Digging, grinding, hauling and shoveling makes for a unique travel experience. But for 14 University of Michigan students it was all in a day’s work during their visit to the U.S. Virgin Islands.
The students traveled some 3,000 miles to work alongside trainees from the nonprofit My Brother’s Workshop, which teaches the building trades to at-risk youth, to spruce up the front of the St. Thomas Historical Trust Mini Museum Wednesday morning. Efforts included cleaning guts, replanting the landscape and general beautification of the Trust.
“These students and trainees pushed up their sleeves and did the dirty work that we needed to make us shine,” said Pamela Reid, the Trust’s executive director. “We’re truly thankful that they walk the walk of social responsibility. “
The students are here on St. Thomas as part of the University of Michigan’s Global Intercultural Experience for Undergraduates Program. The program sent teams of 15 or so students to 15 sites worldwide.
The territory was the most popular site, according to Professor Dorceta Taylor. The students learned about the local culture, conservation issues, social and economic policy, V.I. wildlife, and the local tourism industry.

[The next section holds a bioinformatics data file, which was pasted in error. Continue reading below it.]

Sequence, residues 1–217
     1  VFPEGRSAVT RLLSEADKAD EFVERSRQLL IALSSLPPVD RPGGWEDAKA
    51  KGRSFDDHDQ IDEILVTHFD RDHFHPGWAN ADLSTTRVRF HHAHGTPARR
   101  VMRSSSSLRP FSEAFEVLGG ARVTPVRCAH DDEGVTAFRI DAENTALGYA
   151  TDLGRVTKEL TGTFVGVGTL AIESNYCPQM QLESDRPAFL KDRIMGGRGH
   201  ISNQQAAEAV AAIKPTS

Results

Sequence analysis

The group left Michigan on May 4 and have visited the V.I. Water and Power Authority, the V.I. Economic Development Authority, Bordeaux Farm, the V.I. Historic Preservation Office, as well as the islands of St. John and Water Island.
“We went to J’ouvert and the adult parade,” Taylor said, “We were surprised by the large crowds and the way that people self-regulated their behavior. Everything seemed to have a rhythm to it.”
The project was coordinated by Scott Bradley of My Brother’s Workshop and officials from Habitat for Humanity in the Virgin Islands.
On Tuesday, the students worked at the Solberg home of a 99-year-old St. Thomian fixing her shutters and windows to improve cross ventilation in her home. The students also plan to restore a basketball court in Savan for local youth there.